State files closing arguments against Olmert, Zaken in Holyland trial

A central goal for the prosecution is to hold Olmert accountable for bribes that his aide allegedly received on Olmert’s behalf.

Ehud Olmert 370 (photo credit: Courtesy INSS)
Ehud Olmert 370
(photo credit: Courtesy INSS)
The prosecution filed its closing arguments on Monday in the Holyland trial against former prime minister Ehud Olmert and his top aide, Shula Zaken.
The 122-page document said that it had successfully presented the court with evidence that Olmert, Zaken and now-deceased state witness Shmuel Duchner had “corrupt give-and-take relations” relating to the case.
The Holyland trial concerns what is alleged to be the greatest fraud and bribery scheme in the country’s history.
Duchner and his alleged boss/ mastermind, businessman Hillel Cherny, are charged with bribing a vast array of officials to smooth over legal and zoning barriers for the Holyland real estate project in south Jerusalem.
The trial involves 16 defendants, including such notables as former Jerusalem mayor Uri Lupolianski and former Bank Hapoalim chairman Dan Dankner.
A central goal for the prosecution is to hold Olmert accountable for bribes that Zaken allegedly received on Olmert’s behalf.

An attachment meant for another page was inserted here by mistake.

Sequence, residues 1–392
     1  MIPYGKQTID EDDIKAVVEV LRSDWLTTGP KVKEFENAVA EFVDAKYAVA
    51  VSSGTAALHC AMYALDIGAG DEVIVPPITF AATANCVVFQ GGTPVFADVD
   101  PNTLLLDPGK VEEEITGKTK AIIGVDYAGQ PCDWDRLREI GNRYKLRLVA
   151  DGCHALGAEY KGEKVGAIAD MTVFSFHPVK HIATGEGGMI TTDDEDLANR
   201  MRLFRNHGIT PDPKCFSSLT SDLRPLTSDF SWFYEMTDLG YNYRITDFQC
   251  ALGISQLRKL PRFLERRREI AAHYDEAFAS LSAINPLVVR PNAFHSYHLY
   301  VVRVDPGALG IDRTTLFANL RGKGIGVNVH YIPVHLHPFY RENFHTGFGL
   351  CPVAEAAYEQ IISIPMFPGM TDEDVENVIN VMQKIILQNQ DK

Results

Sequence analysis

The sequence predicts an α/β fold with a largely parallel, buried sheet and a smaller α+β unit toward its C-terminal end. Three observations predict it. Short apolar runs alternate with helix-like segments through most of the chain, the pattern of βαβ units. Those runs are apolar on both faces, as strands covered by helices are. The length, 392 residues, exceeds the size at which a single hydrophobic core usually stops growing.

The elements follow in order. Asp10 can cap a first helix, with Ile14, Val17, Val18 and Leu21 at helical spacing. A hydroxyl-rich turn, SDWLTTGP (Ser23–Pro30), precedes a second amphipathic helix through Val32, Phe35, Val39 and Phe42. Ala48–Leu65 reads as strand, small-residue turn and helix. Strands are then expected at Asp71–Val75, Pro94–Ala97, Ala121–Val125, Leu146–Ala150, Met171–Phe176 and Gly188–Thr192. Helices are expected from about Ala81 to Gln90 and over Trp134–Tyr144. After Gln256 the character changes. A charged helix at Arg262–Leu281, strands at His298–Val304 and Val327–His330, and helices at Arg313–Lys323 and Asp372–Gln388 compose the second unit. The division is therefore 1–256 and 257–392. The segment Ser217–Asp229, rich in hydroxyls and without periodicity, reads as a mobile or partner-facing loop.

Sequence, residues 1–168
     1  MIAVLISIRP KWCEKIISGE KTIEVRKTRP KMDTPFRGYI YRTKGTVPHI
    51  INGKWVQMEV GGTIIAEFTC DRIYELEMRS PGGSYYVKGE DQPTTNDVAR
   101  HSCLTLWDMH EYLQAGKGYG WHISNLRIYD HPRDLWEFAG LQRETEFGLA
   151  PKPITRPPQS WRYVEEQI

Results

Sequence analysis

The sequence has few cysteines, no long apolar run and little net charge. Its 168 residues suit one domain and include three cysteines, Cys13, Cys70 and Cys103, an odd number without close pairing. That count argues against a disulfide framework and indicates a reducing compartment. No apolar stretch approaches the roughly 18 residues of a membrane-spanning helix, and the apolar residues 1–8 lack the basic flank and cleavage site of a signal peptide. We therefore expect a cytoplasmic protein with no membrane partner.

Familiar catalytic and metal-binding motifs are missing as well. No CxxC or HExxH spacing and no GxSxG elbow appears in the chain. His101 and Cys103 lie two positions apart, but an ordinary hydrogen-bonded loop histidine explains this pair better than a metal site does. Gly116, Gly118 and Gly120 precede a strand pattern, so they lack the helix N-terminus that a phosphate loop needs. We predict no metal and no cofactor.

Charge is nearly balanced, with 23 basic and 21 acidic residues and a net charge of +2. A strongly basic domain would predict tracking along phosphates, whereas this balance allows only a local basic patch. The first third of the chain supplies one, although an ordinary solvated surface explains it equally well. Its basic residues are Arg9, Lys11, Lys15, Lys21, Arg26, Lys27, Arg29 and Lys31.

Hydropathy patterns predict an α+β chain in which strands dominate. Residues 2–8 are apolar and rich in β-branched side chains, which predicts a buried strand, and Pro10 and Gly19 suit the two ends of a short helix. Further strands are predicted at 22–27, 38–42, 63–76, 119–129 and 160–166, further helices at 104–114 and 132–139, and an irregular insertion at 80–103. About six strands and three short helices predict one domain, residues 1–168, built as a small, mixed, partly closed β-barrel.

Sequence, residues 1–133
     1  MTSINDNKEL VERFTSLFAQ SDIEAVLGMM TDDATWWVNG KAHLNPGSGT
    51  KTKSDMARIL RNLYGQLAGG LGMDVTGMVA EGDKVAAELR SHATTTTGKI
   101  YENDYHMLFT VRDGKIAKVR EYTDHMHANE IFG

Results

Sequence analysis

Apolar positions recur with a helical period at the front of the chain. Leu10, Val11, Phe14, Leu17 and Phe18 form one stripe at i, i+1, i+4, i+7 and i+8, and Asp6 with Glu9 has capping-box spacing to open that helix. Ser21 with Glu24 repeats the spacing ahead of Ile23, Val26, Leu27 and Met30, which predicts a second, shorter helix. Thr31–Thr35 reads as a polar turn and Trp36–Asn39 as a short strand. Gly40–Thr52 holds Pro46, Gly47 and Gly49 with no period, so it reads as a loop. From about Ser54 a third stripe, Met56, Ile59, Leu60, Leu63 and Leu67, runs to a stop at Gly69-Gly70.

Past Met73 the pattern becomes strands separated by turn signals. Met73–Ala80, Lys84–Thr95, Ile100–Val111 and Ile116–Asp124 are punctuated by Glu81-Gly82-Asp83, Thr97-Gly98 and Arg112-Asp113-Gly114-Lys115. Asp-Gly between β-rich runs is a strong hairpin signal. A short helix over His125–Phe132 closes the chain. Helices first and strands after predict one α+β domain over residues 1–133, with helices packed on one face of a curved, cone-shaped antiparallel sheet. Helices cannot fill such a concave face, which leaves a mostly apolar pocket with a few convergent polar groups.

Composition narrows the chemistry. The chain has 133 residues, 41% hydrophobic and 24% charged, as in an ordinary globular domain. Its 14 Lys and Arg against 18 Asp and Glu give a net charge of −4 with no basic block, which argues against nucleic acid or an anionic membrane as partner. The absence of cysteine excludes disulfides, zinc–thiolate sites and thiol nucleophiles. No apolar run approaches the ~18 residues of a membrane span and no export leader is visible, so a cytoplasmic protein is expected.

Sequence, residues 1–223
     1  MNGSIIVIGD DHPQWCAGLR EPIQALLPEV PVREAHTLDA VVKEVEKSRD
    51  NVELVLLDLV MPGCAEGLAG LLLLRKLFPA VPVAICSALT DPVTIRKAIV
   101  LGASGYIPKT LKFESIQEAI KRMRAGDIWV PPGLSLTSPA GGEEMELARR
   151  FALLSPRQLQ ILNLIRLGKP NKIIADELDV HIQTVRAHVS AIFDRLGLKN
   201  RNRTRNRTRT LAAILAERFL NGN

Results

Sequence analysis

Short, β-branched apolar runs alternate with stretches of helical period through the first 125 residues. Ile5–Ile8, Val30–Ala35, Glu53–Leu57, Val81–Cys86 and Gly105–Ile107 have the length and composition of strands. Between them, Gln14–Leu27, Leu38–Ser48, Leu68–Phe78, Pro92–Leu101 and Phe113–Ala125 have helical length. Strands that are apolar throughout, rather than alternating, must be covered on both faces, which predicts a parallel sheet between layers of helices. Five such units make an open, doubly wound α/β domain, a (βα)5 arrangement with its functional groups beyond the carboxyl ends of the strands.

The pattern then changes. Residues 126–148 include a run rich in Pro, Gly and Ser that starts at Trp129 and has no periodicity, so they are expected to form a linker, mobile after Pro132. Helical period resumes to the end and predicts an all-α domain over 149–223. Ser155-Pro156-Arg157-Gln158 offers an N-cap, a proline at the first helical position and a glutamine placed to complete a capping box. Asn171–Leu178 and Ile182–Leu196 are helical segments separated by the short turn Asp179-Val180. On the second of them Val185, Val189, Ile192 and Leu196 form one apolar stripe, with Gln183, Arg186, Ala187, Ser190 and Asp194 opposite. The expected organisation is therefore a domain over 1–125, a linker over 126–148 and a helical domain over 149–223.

The prosecution said that Zaken had admitted to being Olmert’s proxy by saying she had “dedicated her life” to serving Olmert.
Olmert is accused of accepting over NIS 1.5 million in bribes (out of around NIS 9 million given to public officials in total), either directly from Duchner or through Zaken and Olmert’s brother Yossi. The alleged bribes are mostly from 1993-1999, while Olmert was mayor of Jerusalem, but extend into his time as a minister in 2003.
Duchner testified that Zaken in one instance requested emergency assistance to pay a NIS 50,000 debt, to which he responded by giving Olmert’s driver $10,000 that he had on hand having just returned from abroad. Duchner also recounted instances in which he said he had given up to NIS 350,000 in funds directly to Zaken to pay for her jewelry and furniture.
The prosecution noted that Olmert’s brother, Yossi, had confirmed in his initial statements to police that Duchner gave him NIS 500,000 in 2002- 2003 at Ehud’s request, as another bribe for helping move the Holyland project forward.
Much of the prosecution’s case focuses on eliminating Olmert’s non-criminal explanations for these activities, which even Tel Aviv District Court Judge David Rozen referred to as suspicious.
For example, Olmert called Duchner miserly about money, as part of his narrative that he kept his distance from Duchner and was not close enough to him to have been bribed. But the prosecution said it was totally unbelievable for Olmert to say he barely knew Duchner, but to know Duchner well enough to label him a “miser.”
The prosecution will file closing arguments on other defendants in the near future.